The 2013 Philadelphia Rising Stars: Why They Shine

The 2013 Philadelphia Rising Stars: Why They Shine

By Caroline Hatchett with Antoinette Bruno

Shannon Sturgis

Just as Philadelphia served as the incubator of national independence, it's now a breeding ground for independent, chef-driven restaurants. The culinary landscape—once the sole purview of the restaurant groups—is shifting as the newest generation of chefs strives to make its mark on the city. These men and women are redefining what it means to eat at BYOs, beer halls, and soda fountains. They're letting Lancaster County farmers drive menu changes, and bringing renewed excitement to the city's landmark restaurants. Bartenders are slowly convincing just-beer drinkers to sip craft cocktails, and sommeliers are proving wine service can be brilliant and fun. Philly's culinary momentum is stronger than ever, and this year's Rising Stars winners are at the heart of the action.

In the last few months, we tasted savory dishes, desserts, cocktails, and wine pairings from more than 90 talented chefs, pastry chefs, mixologists, and sommeliers in Philadelphia. Only 19 earned the title of Rising Star. So what makes them shine?

Rising Stars have attributes that make them future leaders of the country's culinary scene. Put simply, they're not just surviving the Philadelphia restaurant industry; they're defining it with exciting cuisine, pours, and culinary concepts. So without further ado, our 2012 Philadelphia Rising Stars: who they are, why they shine, and how they're shaping the future of American cuisine.

Nicholas Elmi

Chef: Nicholas Elmi, Rittenhouse Tavern

Nicholas Elmi knows the power of understatement. His first solo restaurant, Rittenhouse Tavern, sits at the back of the Philadelphia Art Alliance like a subdued culinary exhibit. His dishes don't smack you with flavor; they invite you in with subtlety and layering. Elmi elevates ingredients both humble and exotic to their utmost potential, and as you begin to explore every drop of sauce or meditate on the texture of an ethereal burrata, you realize just how exquisite his culinary vision really is. It's all in the details and precise editing that make Elmi a quiet, inspired force on the Philadelphia restaurant scene.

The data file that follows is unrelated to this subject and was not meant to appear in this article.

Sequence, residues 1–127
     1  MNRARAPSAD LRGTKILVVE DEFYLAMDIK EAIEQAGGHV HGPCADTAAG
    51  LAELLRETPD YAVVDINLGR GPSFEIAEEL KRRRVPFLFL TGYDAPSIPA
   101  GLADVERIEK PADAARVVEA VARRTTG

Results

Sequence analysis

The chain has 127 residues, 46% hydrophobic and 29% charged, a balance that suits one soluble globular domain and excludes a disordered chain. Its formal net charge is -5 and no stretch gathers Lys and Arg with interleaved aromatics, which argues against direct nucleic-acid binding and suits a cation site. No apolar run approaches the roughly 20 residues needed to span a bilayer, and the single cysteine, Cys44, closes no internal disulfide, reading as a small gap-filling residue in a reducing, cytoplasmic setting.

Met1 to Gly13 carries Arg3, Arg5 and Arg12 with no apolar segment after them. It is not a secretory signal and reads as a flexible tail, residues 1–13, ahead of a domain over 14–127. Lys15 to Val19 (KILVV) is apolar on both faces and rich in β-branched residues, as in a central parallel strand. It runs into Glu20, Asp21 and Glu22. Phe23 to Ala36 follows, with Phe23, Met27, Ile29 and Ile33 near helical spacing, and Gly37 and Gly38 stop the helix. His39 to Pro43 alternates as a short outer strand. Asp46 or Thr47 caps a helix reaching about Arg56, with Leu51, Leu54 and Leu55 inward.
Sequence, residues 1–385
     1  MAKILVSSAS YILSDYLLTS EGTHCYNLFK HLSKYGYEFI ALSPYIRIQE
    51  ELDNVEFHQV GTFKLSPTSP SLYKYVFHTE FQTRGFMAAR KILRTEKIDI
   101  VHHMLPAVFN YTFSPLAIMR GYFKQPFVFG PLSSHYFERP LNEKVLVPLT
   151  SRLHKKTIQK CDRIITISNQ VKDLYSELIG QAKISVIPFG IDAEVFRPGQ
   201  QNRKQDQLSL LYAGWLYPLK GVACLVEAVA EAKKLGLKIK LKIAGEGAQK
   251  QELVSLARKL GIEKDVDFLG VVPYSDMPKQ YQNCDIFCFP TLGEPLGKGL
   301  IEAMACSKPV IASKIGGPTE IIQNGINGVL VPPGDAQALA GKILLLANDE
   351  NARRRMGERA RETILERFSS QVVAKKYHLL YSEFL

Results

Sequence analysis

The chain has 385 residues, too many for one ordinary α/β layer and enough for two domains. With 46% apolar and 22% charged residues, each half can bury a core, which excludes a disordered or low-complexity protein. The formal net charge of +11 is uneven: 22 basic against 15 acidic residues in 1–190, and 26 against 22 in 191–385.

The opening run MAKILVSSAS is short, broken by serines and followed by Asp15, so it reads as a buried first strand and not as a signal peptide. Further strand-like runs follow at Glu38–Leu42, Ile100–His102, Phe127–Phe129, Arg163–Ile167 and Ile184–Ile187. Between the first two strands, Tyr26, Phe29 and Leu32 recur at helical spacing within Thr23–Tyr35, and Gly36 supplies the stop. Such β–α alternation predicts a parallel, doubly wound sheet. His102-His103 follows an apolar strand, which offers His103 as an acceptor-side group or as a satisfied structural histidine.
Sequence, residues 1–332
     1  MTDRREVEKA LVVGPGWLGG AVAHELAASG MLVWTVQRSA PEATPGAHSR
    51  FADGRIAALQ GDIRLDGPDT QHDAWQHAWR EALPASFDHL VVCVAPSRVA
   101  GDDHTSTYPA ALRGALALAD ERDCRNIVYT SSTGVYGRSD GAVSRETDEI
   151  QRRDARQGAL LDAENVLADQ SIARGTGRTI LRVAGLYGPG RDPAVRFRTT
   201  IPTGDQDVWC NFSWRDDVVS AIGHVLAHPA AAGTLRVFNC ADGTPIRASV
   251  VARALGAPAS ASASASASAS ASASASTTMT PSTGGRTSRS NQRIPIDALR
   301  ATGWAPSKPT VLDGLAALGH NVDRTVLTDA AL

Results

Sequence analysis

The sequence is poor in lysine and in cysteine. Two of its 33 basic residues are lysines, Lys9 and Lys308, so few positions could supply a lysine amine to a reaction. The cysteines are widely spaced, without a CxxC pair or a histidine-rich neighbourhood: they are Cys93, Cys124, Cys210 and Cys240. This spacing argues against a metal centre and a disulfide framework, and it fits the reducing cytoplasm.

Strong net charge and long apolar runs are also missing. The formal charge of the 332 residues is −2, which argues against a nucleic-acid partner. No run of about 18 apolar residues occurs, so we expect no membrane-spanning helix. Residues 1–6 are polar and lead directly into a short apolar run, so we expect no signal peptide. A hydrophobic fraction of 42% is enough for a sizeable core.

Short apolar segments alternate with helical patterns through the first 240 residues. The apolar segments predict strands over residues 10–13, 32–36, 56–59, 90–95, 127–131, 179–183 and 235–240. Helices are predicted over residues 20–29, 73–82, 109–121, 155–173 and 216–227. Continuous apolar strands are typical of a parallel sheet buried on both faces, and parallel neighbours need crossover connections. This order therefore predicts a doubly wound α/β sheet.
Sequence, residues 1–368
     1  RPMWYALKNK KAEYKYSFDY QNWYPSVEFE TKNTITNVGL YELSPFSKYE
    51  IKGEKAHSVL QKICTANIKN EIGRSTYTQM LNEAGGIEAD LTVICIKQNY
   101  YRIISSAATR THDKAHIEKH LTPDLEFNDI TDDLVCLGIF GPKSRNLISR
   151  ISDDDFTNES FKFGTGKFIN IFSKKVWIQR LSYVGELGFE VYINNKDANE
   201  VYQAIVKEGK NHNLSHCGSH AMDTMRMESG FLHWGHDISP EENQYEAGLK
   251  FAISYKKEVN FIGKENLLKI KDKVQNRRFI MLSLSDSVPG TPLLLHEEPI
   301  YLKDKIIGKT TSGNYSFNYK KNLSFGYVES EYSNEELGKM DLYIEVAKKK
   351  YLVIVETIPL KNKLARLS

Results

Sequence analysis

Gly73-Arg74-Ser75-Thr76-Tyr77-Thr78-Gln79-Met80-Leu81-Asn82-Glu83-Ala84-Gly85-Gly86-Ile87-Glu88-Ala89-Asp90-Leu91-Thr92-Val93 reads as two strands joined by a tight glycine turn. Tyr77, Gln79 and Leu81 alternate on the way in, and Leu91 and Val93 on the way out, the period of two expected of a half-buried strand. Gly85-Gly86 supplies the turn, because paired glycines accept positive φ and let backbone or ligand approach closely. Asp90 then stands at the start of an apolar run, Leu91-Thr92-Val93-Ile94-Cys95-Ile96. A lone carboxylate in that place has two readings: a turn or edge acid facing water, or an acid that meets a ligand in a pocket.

Dishes that Clinched It:

  • Lobster Consommé, Tomalley, Poached Lobster, Sea Urchin, Razor Clams, Caviar, and Apple-Horseradish Marshmallow
  • John Dory Steamed in Cardamom Leaf, Black Walnut, Pine Mushrooms, Tarragon Blossom, and Kaffir Lime
Yun Fuentes

Chef: Yun Fuentes, JG Domestic

It’s the quiet ones you have to watch. While climbing the Jose Garces Group ladder from salad station at Amada to his current post as chef de cuisine at JG Domestic, Chef Yun Fuentes was stockpiling a heavy-hitting arsenal of technique and style. As versatile a chef as we met in Philly, Fuentes now serves fresh, impeccably executed dishes. Whether they draw from classic French cuisine, a Spanish pantry, or Americana, Fuentes pushes flavors as far as he can—all the while keeping his food familiar and comforting. Fuentes, like his dishes, may come off as unassuming, but there’s energy and passion beneath the humility. You may not yet know Yun Fuentes, but he’ll soon be a Philly mainstay.

Dishes that Clinched It:

  • Roasted Australian Lamb Chop, Sweetbreads, Fried Artichoke, and Sherry Jus
  • Butternut Squash, Leek-Poblano Cream, and Candied Pepitas
Chris Kearse

Chef: Chris Kearse, Will

After culinary school, Chef Chris Kearse mailed letters to 10 of America's greatest chefs. And he sent them again and again until names like Keller, Trotter, Achatz, and Boulud invited him into their kitchens—some for two days, others for a few years. From these storied teachers, Kearse picked up technical acumen and an abundance of inspiration, which he's now serving at tiny, fine-dining Will BYOB. Kearse plates the perfect balance of nature and modern technique. This intrepid chef isn’t afraid of hydrocolloids or serving a whole, simply grilled mushroom, and his presentation is unparalleled in the city. It’s Kearse's own will, determination, and bold experimentation that will one day push him to the heights of his mentors.

Dishes that Clinched It:

  • Roasted Maitake Mushroom, Smoked Ricotta, Madeira Jelly, Arugula Purée, and Wild Greens
  • Milk-fed Poulard Trio: Buttermilk-brined Tenderloin, Leg and Thigh Roulade, Pecan-Ancho Crumble, Lacinato Kale Roulade, Kabocha Squash Purée, Merlot Sauce, Kale Chip, and Caramelized White Soy Sauce
Eli Kulp

Chef: Eli Kulp, Fork